Mac Pro design inside compartments Apple

Recently I looked at the sad plight of Apple’s professional desktop computer, the Mac Pro – a system that even the affable Jony Ive blanks when he walks past.

Forgotten it might be but the Mac Pro, reviewed, offers so much more than most other Apple computers. The trouble is that Apple is more about less than more, or should that be less about more. I think I’ve got it… for Apple, less is more.

The Mac Pro is a classic tower computer, offering owners the opportunity to open up the case and tinker around, taking stuff out, replacing parts with other components of their own choosing. Apple hates that.

Apple knows best. It doesn’t ask focus groups what to put in its products. And the customer should jolly well stick with what Apple gives them. Think you know more about components than Apple’s Senior vice president of Hardware Engineering Dan Riccio, do you?

You can’t unclip an iPhone or iPad and add a new battery, faster chip or bigger storage. To do any of that you need to buy a brand new device from Apple.

Apple’s laptops are pretty closed, too. The only thing you can open is the lid. If Apple had its way we’d all be using iPads where there’s not even a lid to open. On its laptops Apple uses 5-point Pentalobe security screws to attach the lower case, and even smaller versions of the same proprietary parts on its mobile devices.

The Pentalobe is similar to a Torx screw, itself once a rarity and barrier to the average punter pulling things apart. Apple didn’t invent it but it scoured the world’s tech shops for the most obscure screw that fitted its other design criteria, bought up the rights and had anyone involved in its creation murdered, dismembered and thrown in the Lisa landfill pits of Utah.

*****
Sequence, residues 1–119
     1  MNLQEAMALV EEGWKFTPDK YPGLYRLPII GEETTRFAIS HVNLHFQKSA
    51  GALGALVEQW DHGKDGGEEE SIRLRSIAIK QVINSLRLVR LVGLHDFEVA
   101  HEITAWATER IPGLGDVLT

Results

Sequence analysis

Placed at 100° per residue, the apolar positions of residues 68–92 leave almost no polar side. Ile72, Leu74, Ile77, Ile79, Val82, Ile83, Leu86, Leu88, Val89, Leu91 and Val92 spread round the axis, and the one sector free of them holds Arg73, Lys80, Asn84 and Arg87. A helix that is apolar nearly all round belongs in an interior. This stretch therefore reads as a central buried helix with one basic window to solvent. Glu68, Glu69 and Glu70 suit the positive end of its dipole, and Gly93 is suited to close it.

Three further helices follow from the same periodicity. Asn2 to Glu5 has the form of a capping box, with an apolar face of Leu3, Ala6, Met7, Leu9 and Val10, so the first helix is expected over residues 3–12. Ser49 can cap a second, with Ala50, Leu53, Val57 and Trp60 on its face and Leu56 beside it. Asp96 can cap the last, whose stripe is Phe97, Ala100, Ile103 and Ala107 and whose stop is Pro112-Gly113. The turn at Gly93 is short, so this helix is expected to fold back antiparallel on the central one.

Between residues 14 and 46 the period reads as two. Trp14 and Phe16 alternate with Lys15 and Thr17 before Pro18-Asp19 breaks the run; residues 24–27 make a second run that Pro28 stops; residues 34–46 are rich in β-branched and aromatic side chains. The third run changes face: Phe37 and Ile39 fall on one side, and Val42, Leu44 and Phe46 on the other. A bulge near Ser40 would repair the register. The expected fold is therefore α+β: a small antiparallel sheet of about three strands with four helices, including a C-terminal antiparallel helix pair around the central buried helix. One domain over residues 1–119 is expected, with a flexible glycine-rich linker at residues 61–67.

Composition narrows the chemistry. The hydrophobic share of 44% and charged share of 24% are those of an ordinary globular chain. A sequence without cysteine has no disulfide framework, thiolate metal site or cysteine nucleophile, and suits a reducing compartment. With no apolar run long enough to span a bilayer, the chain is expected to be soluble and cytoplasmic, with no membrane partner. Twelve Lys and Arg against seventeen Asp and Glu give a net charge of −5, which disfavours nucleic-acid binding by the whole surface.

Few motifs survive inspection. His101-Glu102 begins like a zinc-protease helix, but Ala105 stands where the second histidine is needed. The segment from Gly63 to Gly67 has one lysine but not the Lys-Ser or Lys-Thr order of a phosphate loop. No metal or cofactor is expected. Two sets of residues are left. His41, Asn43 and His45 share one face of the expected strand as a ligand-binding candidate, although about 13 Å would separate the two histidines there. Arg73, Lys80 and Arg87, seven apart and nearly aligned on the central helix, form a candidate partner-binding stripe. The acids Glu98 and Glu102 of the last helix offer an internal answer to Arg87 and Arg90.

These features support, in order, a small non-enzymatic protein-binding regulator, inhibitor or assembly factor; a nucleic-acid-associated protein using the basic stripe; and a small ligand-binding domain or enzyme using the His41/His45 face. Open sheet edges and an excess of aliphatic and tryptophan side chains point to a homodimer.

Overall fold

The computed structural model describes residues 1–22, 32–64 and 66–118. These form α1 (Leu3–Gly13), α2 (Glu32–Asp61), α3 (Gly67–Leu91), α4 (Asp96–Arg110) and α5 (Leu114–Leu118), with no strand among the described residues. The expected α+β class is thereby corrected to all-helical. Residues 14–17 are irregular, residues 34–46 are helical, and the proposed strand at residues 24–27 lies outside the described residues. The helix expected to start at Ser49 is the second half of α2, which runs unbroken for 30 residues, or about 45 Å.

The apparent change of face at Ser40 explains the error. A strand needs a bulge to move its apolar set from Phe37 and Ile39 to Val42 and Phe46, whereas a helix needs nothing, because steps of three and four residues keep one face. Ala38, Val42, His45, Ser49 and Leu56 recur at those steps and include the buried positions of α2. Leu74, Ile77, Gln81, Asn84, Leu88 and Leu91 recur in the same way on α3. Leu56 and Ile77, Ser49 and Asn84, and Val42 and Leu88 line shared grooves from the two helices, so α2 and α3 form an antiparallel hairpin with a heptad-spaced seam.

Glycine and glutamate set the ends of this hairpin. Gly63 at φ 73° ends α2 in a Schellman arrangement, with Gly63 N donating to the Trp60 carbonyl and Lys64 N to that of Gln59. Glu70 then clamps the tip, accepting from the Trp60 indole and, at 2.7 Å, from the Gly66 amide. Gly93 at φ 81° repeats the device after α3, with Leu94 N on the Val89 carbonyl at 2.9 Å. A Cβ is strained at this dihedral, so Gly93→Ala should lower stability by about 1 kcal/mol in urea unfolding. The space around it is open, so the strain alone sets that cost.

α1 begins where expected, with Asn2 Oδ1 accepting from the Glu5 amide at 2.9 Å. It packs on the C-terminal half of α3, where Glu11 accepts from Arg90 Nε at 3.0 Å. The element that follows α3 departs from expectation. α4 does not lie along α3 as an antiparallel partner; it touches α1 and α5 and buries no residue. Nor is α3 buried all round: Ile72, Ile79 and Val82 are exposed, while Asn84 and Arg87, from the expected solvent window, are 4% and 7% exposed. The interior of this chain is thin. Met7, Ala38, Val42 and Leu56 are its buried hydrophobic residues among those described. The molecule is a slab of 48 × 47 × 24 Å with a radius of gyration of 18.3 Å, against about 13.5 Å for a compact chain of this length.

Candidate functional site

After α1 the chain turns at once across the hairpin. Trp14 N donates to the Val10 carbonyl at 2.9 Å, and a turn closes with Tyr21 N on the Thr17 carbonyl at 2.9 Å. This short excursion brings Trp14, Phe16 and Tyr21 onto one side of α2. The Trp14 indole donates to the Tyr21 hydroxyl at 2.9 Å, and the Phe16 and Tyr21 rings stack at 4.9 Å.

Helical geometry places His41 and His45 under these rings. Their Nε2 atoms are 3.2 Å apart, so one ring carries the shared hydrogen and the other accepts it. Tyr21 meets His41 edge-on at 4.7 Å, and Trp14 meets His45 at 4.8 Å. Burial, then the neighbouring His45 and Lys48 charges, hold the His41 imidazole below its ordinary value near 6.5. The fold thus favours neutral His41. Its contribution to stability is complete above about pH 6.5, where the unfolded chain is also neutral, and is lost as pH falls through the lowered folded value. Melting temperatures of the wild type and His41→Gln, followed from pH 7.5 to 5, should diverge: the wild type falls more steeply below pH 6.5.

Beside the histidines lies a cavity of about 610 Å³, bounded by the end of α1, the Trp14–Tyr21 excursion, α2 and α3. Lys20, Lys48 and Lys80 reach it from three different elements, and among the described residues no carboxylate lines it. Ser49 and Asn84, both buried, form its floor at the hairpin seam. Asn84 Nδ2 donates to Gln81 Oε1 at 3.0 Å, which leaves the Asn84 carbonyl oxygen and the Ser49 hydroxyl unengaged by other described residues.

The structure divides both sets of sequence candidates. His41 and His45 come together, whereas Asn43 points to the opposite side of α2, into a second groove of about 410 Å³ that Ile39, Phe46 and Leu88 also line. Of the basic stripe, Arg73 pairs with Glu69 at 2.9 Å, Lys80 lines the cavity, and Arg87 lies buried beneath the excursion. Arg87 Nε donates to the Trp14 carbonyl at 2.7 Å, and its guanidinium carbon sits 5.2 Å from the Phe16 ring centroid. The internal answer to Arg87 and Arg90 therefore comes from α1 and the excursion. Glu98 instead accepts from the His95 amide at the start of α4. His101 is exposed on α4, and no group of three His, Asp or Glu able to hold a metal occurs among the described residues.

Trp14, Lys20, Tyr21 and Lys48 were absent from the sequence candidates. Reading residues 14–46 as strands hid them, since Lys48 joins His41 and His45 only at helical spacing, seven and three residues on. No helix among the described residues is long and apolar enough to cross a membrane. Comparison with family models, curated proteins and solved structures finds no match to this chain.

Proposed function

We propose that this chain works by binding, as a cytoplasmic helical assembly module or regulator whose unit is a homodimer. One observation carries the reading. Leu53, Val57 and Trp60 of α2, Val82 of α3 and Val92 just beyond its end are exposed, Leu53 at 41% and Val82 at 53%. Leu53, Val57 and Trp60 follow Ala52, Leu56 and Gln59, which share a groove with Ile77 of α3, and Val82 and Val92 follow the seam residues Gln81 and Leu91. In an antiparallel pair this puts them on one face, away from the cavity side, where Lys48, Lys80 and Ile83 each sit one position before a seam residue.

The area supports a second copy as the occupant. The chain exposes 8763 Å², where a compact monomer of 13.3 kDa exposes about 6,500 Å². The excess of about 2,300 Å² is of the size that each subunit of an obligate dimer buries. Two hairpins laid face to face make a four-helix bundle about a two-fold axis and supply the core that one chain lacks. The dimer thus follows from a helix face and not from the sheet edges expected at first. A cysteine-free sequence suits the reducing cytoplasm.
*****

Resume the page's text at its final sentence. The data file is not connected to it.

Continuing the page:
The engineers who built the mechanism of the gold and blue Torre dell’Orologio clock in Venice’s Piazza San Marco were rewarded by having their eyes gouged out to ensure that no other city could have such a wonderful clock. The same thing happens to the guys behind the Genius Bar at your local Apple Store every time an iPod is prised open. That’s the real reason you’re told your iPhone must be waterlogged and therefore crushed on the spot rather than repaired.

If, by chance, you have an Apple device that still uses standard Phillips #00 screws, and you take it to the Store for repair it will come back with shiny new Pentalobes to ensure you have no chance of opening it up later.

Apple initially designed this tamper-resistant system in 2009 to secure the battery in its portables. Now it’s the first line of defence in getting past the bits of a Mac you can actually touch with your dirty non-Apple hands.

You can buy special screwdrivers to loosen the Pentalobe screws, and you’d be wise not to try using something that merely looks like it would do the job.

Most other security screwdrivers will quickly strip the miniature heads, stopping over-eager geeks or maybe even Apple ever trying to unlock the device again. It’s a case of when the shut hits the fan.

The desktop Macs don’t fare much better either. The latest iMacs are literally glued down. Apple has fused the iMac’s glass front panel and the LCD together, where they used to be attached with magnets.

To remove the adhesive you need to use a heat gun! Legendary teardown artists iFixit then had to use low-tech guitar plectrums to pry the two pieces apart. Cutting open the display destroys the foam adhesive. Putting things back together requires peeling off and replacing all the original adhesive.

Get the message? Apple doesn’t just deter you from opening its products; it will destroy the device if you even try. So that’s why the Mac Pro has been on death row for so long. In order to get the latest processors you need to buy an unopenable iMac and not the brazenly accessible Pro.

Steve Jobs once said that the backs of Apple’s computers look better than the fronts of its competitors. He could have added that you are more than welcome to look at these backs just so long as you don’t touch.